For further details on how Priory can provide you with further assistance regarding Young people's therapy, please call 0800 840 3219. For professionals looking to make a referral, please click here

Common mental health difficulties for young people

Anxiety disorders

  • Generalised anxiety – constantly worrying and avoiding worrying situations
  • Panic disorder – attacks of intense anxiety that occur unexpectedly and cause physical symptoms
  • Social anxiety – may include avoiding going out and talking to people, due to fear of not knowing what to say, or being judged
  • Obsessive-compulsive disorder (OCD) – including starting rituals to try to stop unpleasant thoughts or to prevent something bad from happening
  • Phobias – avoiding certain situations or objects at all costs due to fearing them, and becoming very distressed if they are encountered

Read our anxiety case study
Read our OCD case study


A young person may be struggling in several aspects of life as they see the world slightly differently to many people. What is considered to be 'normal' social communication might not be comfortable to them and they are likely to need routine and to have a dislike of change. They are probably happy on their own, engaging in their particular area of interest. Read our case study.

Read our case study


A young person may have stopped socialising and reduced their engagement in hobbies. You may find that they are rarely happy, do not seem to enjoy things that they once did, and they might not be sleeping or eating well. You might feel frustrated with them for not taking a pride in their appearance, or working hard at school or college.

Read our case study

Eating disorders

This can include anorexia and bulimia; a young person will often hide symptoms but if they are losing weight quickly, counting calories, restricting their diet or are preoccupied with their body or weight, they might have an eating disorder present or developing.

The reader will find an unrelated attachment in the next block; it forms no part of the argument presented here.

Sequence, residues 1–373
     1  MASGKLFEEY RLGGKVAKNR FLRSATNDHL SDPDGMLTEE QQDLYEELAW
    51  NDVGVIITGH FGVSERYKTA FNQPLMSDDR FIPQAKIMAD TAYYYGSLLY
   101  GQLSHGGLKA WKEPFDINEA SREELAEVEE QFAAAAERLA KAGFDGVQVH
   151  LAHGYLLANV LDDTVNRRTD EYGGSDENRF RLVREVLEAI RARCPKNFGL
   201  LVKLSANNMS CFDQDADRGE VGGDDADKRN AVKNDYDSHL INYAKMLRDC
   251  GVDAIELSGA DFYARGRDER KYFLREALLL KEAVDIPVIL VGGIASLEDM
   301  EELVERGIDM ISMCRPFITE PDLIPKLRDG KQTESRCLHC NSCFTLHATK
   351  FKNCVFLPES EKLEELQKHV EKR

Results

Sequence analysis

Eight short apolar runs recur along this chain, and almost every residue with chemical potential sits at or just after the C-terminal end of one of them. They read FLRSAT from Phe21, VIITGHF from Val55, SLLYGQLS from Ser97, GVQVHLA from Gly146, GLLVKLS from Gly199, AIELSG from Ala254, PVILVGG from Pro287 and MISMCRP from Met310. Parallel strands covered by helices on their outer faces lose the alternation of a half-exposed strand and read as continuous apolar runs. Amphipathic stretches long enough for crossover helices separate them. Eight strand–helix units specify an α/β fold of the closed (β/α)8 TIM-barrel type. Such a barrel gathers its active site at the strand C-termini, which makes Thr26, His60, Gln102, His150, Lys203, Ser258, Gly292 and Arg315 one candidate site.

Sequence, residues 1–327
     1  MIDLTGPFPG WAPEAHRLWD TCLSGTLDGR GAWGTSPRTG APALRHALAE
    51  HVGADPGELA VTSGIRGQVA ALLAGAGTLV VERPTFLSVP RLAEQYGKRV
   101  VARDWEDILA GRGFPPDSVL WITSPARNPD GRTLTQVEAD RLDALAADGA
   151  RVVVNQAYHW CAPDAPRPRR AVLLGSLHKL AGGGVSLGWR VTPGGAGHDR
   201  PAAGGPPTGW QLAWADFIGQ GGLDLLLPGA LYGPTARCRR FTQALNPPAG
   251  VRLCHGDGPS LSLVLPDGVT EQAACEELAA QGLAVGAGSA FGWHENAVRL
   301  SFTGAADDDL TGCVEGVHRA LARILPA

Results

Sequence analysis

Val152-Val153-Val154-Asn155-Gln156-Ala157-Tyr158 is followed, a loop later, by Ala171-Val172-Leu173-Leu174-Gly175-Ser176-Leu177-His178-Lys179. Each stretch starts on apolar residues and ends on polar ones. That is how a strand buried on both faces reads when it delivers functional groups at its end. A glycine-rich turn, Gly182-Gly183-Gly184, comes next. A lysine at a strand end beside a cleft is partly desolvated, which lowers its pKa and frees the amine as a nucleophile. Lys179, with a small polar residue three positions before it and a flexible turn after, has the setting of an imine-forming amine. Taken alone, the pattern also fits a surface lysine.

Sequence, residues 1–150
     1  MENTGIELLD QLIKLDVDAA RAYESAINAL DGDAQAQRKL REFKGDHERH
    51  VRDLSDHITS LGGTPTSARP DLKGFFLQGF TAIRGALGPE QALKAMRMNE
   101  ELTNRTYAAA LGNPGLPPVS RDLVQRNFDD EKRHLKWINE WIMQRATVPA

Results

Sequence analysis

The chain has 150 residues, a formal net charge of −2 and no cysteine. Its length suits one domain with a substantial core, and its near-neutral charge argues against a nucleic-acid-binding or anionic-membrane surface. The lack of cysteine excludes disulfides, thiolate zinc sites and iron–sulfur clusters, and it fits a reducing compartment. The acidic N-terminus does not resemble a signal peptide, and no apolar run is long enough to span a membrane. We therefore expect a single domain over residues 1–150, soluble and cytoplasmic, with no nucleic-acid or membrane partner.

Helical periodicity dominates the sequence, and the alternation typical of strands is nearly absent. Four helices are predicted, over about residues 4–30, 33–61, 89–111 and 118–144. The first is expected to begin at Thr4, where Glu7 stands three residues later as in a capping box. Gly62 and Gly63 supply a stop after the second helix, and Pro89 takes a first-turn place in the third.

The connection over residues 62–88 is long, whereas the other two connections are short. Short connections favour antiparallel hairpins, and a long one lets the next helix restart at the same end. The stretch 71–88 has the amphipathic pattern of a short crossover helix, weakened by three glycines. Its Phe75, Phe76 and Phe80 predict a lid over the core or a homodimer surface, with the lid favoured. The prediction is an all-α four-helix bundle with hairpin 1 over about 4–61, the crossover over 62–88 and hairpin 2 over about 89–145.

If a young person has experienced an event that they have perceived as very frightening, they might start getting nightmares or unpleasant memories of the incident.  They may avoid similar situations or startle easily.


This is very common in young people and needs to be handled calmly to help the young person to agree to access treatment and support. If you start noticing scars or cuts on a young person, they might be self-harming to cope with certain struggles.


ADHD symptoms include a young person struggling to concentrate, having an abundance of energy, acting without thought of consequences and being constantly fidgety.

Sleep problems

These occur at any age and can affect mental state. A thorough assessment will normally lead to treatment or therapy recommendations that will help.

Substance abuse and addictions

Mental illness can be caused by using substances and may also lead to substance abuse. This can also lead to an addiction to that substance, such as being reliant on alcohol or even prescription drugs.

What happens when you come to a Wellbeing Centre?

Information for young people, parents and carers

  • You can be seen on your own or with a family member, or you can do a mixture of both – you will be given the choice
  • Appointments last between 30 and 90 minutes. Reception staff can tell you how long your appointment will be in advance
  • Normally an initial assessment with a psychiatrist lasts for up to 90 minutes 
  • A therapy session is 50 minutes and a follow-up appointment with a psychiatrist might be between 30 and 60 minutes, depending on the amount of time that you need to talk and have all of  your questions answered
  • Information can be kept confidential if you wish; no one is told anything without your permission, unless you or someone else is at imminent risk (this will be explained in more detail at your first appointment, or you can contact the clinic to hear more in advance of your appointment)
  • Clinicians do not do blood tests or physical examinations in the clinic; they might offer to measure your height, weight or blood pressure but will only do so with your permission
  • You will be listened to and you will not be judged

A number of therapies can be offered at our centres, and the most appropriate therapy for your individual circumstances will be recommended. They include:

  • Cognitive behavioural therapy (CBT)
  • Dialectical behaviour therapy (DBT)
  • Eye movement desensitisation and reprocessing (EMDR)
  • Family therapy
  • Dietetic input

Information for schools

Along with the everyday struggles that mental health difficulties can bring, they can also prevent young people from achieving their best in school.

There has been a big increase in the number of young people being admitted to hospital for self-harm - over the last 10 years this figure has increased by 68%. In addition, nearly 90% of support staff, teachers, lecturers, school heads and college leaders reported dealing with a challenging or disruptive student during this school year.

It is estimated that between 1 in 12 children and 1 in 15 adolescents self-harm.

Many schools make contact with Priory to discuss how we can support staff, pupils and their families. We offer bespoke support packages for schools - if you’d like to discuss this, please get in touch directly on: 0800 840 3219